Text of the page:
Malaysian Songbird Smuggled to Feed Indonesian Demand

The multimillion-dollar trade in Oriental magpie-robins appears to be intensifying in Malaysia, with thousands of wild birds trapped and trafficked for Indonesians seeking caged pets, according to a report published Friday.

SongbirdMalaysia’s Oriental magpie-robin is a priority species threatened by Asia’s Songbird Crisis (Photo: shifa kaynat, Pixabay, License)TRAFFIC, an international NGO that monitors the global wildlife trade, records in “Smuggled for its Song” that 66% of all Malaysian Oriental magpie-robins seizures between January 2015 and December 2020 occurred in the last year: that means nearly 18,000 birds seized in 2020 out of the 26,950 confiscated in the last five years.

At least 64% were being smuggled from Malaysia to Indonesia, suggesting the species is being increasingly targeted to feed the latter’s thriving songbird trade. Indonesia’s own population of Oriental magpie-robins was once abundant, notes the paper, but uncontrolled trapping resulted in its severe decline.

Supply has therefore migrated to Malaysia, placing that species’ local population under intense pressure. As a result, the bird has been flagged by some organizations as a priority species threatened by the Asian Songbird Crisis.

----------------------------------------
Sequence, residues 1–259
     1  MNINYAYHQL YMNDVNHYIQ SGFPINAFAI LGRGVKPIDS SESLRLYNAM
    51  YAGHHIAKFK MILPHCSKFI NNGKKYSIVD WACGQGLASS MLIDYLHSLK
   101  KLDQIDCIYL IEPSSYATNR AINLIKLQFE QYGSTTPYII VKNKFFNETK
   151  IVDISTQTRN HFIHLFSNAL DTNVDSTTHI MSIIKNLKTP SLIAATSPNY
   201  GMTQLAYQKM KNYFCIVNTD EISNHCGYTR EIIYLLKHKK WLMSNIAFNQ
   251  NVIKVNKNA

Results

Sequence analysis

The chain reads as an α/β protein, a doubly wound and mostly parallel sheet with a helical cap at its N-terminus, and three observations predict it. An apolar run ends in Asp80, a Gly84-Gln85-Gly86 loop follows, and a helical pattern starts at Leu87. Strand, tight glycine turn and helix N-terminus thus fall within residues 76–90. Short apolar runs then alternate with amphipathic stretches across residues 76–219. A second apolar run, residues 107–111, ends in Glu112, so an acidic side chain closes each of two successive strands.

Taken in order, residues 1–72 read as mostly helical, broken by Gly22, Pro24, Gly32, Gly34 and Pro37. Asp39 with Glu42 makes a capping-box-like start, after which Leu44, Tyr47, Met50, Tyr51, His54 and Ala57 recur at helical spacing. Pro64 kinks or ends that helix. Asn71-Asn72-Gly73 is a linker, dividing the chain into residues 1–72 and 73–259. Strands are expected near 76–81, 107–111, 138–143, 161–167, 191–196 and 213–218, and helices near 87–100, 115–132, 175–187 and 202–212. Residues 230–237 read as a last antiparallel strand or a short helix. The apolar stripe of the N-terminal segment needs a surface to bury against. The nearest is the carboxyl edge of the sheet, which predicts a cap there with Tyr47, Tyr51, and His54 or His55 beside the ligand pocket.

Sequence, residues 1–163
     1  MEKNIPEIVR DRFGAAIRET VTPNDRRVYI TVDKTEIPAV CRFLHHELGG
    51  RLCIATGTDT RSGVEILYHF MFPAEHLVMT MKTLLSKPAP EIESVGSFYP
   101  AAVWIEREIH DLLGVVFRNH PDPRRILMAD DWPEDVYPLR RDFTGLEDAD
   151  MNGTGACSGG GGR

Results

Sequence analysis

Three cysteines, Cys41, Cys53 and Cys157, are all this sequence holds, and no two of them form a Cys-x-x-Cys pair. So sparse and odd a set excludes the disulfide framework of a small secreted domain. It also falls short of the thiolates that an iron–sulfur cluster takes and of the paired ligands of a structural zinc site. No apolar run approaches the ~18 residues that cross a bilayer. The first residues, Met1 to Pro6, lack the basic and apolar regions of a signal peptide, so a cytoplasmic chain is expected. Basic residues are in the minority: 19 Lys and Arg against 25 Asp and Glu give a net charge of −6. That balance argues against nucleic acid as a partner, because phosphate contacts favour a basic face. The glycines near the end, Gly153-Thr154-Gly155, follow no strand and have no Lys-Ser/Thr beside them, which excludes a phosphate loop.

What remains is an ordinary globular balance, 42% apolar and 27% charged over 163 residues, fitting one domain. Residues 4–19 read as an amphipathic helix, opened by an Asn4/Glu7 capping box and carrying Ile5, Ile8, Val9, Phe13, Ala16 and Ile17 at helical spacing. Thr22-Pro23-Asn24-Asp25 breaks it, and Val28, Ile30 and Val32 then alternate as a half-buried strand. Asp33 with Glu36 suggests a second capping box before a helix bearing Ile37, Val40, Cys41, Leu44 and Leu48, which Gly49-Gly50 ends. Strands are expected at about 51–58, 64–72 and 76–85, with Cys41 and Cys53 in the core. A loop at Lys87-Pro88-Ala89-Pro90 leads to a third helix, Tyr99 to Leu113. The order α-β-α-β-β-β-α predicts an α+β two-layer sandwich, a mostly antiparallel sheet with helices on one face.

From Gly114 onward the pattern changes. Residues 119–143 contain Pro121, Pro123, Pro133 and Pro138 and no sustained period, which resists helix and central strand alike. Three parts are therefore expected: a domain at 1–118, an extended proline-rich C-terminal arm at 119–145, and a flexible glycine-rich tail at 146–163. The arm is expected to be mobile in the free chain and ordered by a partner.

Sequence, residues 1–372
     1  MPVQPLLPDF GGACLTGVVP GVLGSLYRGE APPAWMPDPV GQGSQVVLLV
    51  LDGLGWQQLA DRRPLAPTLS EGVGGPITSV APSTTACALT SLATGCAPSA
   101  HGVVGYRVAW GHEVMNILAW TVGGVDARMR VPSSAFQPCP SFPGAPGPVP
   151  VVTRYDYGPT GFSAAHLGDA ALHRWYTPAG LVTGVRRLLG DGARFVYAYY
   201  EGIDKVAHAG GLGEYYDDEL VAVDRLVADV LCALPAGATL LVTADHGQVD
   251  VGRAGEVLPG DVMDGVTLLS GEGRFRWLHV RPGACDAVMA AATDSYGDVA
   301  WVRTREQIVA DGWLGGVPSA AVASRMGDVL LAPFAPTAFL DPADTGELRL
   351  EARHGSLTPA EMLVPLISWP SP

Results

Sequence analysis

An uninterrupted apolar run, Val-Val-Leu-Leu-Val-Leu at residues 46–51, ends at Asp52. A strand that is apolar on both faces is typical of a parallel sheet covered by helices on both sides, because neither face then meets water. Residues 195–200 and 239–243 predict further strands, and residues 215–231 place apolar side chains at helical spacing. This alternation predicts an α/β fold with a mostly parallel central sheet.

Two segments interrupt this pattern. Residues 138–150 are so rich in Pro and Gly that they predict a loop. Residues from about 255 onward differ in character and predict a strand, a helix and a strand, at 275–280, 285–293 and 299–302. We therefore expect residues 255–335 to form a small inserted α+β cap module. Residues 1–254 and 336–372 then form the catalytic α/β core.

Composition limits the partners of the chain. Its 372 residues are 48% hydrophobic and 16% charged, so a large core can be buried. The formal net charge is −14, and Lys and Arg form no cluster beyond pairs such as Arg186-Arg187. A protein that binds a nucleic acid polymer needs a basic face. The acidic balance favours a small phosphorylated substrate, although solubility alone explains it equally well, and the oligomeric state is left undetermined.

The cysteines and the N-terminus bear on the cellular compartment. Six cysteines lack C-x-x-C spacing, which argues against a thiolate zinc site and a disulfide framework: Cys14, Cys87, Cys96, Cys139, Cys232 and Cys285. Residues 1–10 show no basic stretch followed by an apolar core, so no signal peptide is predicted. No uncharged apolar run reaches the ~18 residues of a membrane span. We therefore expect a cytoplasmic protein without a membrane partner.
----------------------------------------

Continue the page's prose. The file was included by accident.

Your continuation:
That said, its trapping and trade remains largely unregulated in both Malaysia and Indonesia, allowed within quotas and requiring only a few permits. Even those lax directives are often violated though and smugglers have until recently operated relatively unconstrained.

The Indonesian markets are supplied by international trafficking networks composed of nationals from both countries who rapidly move thousands of birds across the land and sea, says Elizabeth John, Senior Communications Officer at TRAFFIC.

“Many environmental crime cases involve both locals and foreign nationals and (that’s) not unique to bird smuggling, but happens with the poaching and trade of tigers, leopards, sun bears and other species,” John told OCCRP.

Nonetheless, it would be inaccurate to blame this apparent intensification of trafficking solely on Malaysia’s songbird-adoring neighbour. Domestic demand is also voracious: Oriental magpie-robins were the second most numerous species advertised on Malaysian online wildlife marketplaces in 2020 and the ninth most numerous across various Facebook groups.

As for demand-reduction campaigns, which have had success in lowering consumption of certain wildlifeproducts in Asia, those focused on songbird pets remain either nascent or non-existent.

“I don't know of any in Malaysia. And as far as we know, understanding the demand and carrying out targeted demand reduction in Indonesia is in early stages,” John said.